From the November 2014 issue

Twin treats

Observe some tempting open clusters that offer twice the reward.
By | Published: November 24, 2014
As twilight fades this month, the most dazzling open cluster spectacle in all the heavens gradually sizzles into view. I’m referring to the Double Cluster in the constellation Perseus the Hero. You’ll find this visually delicious treat in the northern sky roughly midway along an imaginary line drawn between magnitude 3.8 Eta (η) Persei and magnitude 2.7 Ruchbah (Delta [δ] Cassiopeiae).

But did you know that the winter sky holds other intriguing cluster pairs worth contemplating? Here are a few.

In M38’s shadow
M38 is a popular sky target that spans 21′ and shines at magnitude 6.4 in the central region of Auriga. Only 33′ to the south-southwest lies NGC 1907, a forget-me-not open cluster that’s easy to overlook owing to its diminutive size (7′) and relative dimness (magnitude 8.2).

Despite the disparate sizes of these clusters, astronomers once believed that they formed a true binary system. Their proper motions, however, reveal that they developed in different parts of the galaxy. In the near past, their orbital motions caused them to have a close encounter. We still see them today flying by one another, although they are 1,200 light-years apart.

NGC 1807 and NGC 1817
Look for the attractive pair of open clusters NGC 1807 (right of center) and NGC 1817 (left of center) in the constellation Taurus.
Bernhard Hubl
A near carbon copy
Turn your attention now to another bright Messier open cluster — magnitude 5.1 M35 in Gemini. This beautiful 30′-wide splash of stellar wonder is one of the richest of its kind in the direction away from the Milky Way’s center.

Like M38, it too has a tiny (5′) and faint (magnitude 8.6) companion cluster, NGC 2158, 26′ to the southwest. In this case, NGC 2158 looks small because, at 11,000 light-years away, it is six times more distant than its mate; only because of perspective do we see them as an apparent cluster pair.

An illusion in Taurus?
Now look about 8½° east of brilliant Aldebaran (Alpha [α] Tauri) for another curious pairing of clusters: magnitude 7.0 NGC 1807 and magnitude 7.7 NGC 1817. Separated by only 27′ and oriented west-southwest to east-northeast, these mismatched neighbors may not be a pair of clusters after all.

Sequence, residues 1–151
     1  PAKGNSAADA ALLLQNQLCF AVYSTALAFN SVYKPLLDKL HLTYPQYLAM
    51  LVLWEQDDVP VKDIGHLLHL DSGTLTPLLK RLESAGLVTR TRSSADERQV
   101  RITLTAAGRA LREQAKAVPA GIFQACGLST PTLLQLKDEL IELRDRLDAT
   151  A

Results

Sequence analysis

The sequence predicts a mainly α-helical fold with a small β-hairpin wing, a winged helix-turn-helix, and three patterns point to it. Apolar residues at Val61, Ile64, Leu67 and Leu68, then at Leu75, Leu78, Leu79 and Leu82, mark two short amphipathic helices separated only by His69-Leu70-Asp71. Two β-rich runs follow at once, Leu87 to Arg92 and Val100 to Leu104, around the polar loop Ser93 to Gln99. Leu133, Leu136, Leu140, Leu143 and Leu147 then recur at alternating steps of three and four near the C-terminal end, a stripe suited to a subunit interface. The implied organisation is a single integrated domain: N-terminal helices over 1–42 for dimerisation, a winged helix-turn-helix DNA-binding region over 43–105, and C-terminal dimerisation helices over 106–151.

NGC 1907
NGC 1907 (center) takes second place in this part of the sky only because it lies so near M38 (above center).
Richard Best
One recent study suggests that they are two star clumps within a single open cluster (which astronomers would designate as NGC 1817). Another provides evidence that NGC 1807 is not a cluster at all, but a chance grouping of unrelated stars in the same region.

A surprise in Cassiopeia?
Cassiopeia has several open clusters of interest. One of its more fashionable ones is M103, which lies 1° east-northeast of Ruchbah. Several other galactic clusters also populate that region, three of which form a popular open cluster arc about 1½° farther to the east: NGC 654, NGC 659, and NGC 663.

Despite the close proximity of NGC 663 to NGC 659 (a scant 36′), these clusters have no relation to each other. The twist is that NGC 659 not only has much in common with NGC 654 (including its distance), but it is also a near twin of M103: Both lie about 8,000 light-years distant, measure 6′ in apparent diameter, shine around 8th magnitude, contain some 180 members across 15 light-years of space, and have ages between 20 and 25 million years!

The night sky is full of wonderful surprises, sometimes two at once. As always, enjoy the views and send your thoughts to